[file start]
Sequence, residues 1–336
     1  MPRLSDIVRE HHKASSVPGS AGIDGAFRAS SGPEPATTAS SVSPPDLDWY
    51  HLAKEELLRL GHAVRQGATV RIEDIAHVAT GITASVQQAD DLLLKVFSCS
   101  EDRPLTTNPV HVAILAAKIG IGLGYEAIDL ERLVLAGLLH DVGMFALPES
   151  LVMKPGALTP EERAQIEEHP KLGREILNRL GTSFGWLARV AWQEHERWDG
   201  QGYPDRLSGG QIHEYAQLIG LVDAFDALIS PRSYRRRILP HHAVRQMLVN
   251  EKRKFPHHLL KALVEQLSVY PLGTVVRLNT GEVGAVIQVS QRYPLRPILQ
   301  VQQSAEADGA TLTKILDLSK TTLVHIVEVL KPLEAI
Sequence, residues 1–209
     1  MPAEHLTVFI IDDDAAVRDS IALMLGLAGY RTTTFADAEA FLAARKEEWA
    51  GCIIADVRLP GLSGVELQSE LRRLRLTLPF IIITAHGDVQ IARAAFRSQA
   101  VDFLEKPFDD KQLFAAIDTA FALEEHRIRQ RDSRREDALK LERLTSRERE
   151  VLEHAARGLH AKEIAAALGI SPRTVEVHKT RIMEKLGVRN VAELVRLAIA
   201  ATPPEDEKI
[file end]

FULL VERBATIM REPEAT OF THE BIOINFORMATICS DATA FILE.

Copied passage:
Sequence, residues 1–336
     1  MPRLSDIVRE HHKASSVPGS AGIDGAFRAS SGPEPATTAS SVSPPDLDWY
    51  HLAKEELLRL GHAVRQGATV RIEDIAHVAT GITASVQQAD DLLLKVFSCS
   101  EDRPLTTNPV HVAILAAKIG IGLGYEAIDL ERLVLAGLLH DVGMFALPES
   151  LVMKPGALTP EERAQIEEHP KLGREILNRL GTSFGWLARV AWQEHERWDG
   201  QGYPDRLSGG QIHEYAQLIG LVDAFDALIS PRSYRRRILP HHAVRQMLVN
   251  EKRKFPHHLL KALVEQLSVY PLGTVVRLNT GEVGAVIQVS QRYPLRPILQ
   301  VQQSAEADGA TLTKILDLSK TTLVHIVEVL KPLEAI
Sequence, residues 1–209
     1  MPAEHLTVFI IDDDAAVRDS IALMLGLAGY RTTTFADAEA FLAARKEEWA
    51  GCIIADVRLP GLSGVELQSE LRRLRLTLPF IIITAHGDVQ IARAAFRSQA
   101  VDFLEKPFDD KQLFAAIDTA FALEEHRIRQ RDSRREDALK LERLTSRERE
   151  VLEHAARGLH AKEIAAALGI SPRTVEVHKT RIMEKLGVRN VAELVRLAIA
   201  ATPPEDEKI